or: we can learn from our feminist brothers & both hyphenate and use the above, i.e.:

    1. I am a social conservative/economic liberal (hyphen) liberal othropraxis/conservative orthodox.

    or perhaps any theory/descriptor that is “thick” enough to adequately describe will ultimately entail too much & be too cumbersome for use.

  15. Nathan on June 24, 2004 at 4:32 pm

    Like many, I’ve previously tried to define the terms as they relate to Mormonism specifically, not to one’s secular politics — or rather, to delineate how the terms appear to be used by the proud self-declared of either camp. My comments, for those who may be interested, are here:

    http://www.tachyon-city.com/archives/00000402.html

  16. Jeremy on June 24, 2004 at 4:48 pm

    “a 3D model could be developed to include the religious orthodoxy/orthopraxis model, along a z axis”

    Yeah, but discarding the inevitably sloppy qualitative label for the numerically quantitative label has lots of problems, especially when you’re using a spatial metaphor: you have to track somebody’s religious orthodoxy along an axis marked by negative or positive values–and the inevitably mixed metaphor of “negative or positive values” puts us right back where we started. :)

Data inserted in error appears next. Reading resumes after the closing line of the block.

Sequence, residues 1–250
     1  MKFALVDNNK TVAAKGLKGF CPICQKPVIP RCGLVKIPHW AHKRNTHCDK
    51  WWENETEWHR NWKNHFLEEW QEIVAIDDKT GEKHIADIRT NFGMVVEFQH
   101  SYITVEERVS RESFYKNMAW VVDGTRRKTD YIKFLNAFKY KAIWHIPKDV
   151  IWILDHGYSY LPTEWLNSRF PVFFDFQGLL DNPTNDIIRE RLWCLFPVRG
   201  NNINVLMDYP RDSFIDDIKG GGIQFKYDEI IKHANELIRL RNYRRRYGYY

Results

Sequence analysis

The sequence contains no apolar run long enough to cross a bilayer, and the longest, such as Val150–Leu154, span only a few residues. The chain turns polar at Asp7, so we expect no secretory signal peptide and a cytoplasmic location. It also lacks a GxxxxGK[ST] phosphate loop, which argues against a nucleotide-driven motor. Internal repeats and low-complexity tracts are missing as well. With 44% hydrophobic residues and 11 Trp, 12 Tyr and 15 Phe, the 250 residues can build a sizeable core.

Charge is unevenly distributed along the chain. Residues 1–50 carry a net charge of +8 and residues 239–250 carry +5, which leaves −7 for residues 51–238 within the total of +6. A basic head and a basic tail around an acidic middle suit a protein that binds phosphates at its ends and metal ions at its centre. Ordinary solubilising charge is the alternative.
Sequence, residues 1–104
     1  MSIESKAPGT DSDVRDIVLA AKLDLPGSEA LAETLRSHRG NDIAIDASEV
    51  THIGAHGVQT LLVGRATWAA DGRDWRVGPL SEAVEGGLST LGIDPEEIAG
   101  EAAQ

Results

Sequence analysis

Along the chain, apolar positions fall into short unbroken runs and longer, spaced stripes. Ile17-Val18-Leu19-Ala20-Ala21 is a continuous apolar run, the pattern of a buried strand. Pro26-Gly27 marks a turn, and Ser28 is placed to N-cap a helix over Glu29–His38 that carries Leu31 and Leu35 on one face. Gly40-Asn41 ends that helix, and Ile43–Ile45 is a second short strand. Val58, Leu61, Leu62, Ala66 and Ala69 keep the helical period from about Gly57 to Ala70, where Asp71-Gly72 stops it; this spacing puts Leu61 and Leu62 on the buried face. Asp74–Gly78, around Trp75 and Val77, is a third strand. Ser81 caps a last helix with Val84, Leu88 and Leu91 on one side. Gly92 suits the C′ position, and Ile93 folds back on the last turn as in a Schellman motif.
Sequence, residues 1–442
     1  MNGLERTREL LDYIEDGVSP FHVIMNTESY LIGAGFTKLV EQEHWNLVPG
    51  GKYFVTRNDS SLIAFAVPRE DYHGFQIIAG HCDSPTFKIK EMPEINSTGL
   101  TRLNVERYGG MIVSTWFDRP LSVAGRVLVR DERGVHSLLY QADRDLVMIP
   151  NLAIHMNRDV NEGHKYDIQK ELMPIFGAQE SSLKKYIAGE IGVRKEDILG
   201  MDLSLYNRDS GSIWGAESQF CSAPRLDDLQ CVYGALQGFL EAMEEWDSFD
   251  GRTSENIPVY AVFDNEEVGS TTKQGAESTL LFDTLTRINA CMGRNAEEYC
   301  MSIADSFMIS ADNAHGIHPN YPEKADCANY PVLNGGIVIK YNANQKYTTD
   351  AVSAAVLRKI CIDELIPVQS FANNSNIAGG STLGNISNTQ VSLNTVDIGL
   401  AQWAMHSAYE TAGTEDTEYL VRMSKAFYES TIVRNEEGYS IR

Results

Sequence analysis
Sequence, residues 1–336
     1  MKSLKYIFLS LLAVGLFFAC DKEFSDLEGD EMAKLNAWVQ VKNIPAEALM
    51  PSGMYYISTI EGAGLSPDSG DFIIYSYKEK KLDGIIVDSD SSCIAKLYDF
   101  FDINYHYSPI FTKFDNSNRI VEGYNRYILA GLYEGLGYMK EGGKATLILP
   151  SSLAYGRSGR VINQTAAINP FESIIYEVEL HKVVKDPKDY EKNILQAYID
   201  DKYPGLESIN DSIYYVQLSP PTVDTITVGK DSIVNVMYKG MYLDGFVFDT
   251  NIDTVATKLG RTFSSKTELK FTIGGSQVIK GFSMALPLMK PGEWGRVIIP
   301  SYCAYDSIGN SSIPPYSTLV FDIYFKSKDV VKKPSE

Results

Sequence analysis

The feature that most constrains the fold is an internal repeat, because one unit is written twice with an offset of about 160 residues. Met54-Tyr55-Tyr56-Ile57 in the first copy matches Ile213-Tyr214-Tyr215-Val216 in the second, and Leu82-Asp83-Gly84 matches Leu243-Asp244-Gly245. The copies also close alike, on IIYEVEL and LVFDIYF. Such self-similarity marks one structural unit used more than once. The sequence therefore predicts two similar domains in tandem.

17. Bob Caswell on June 24, 2004 at 4:52 pm

    Nathan, I couldn’t figure out how to post on your site, so I’ll post here.

    After reading what you said, it seems like you fall into the classic trap of defining it as a spectrum rather than the cut and dry two teams approach only to state right after that you’re somewhere in the middle.

    Don’t most of us feel that way? There’s some spectrum, but we’re in the middle. We’re never extreme.

  18. Ben Huff on June 24, 2004 at 5:50 pm

    I think if we tell ourselves, “Oh, now we’re clear on what these terms actually mean, therefore we can actually rely on them to be useful descriptors”, we will be deluding ourselves and making misunderstanding more likely, not less. Better to cut our losses and just remember they are vague. Any binary terms are going to be blunt instruments, especially in this crowd!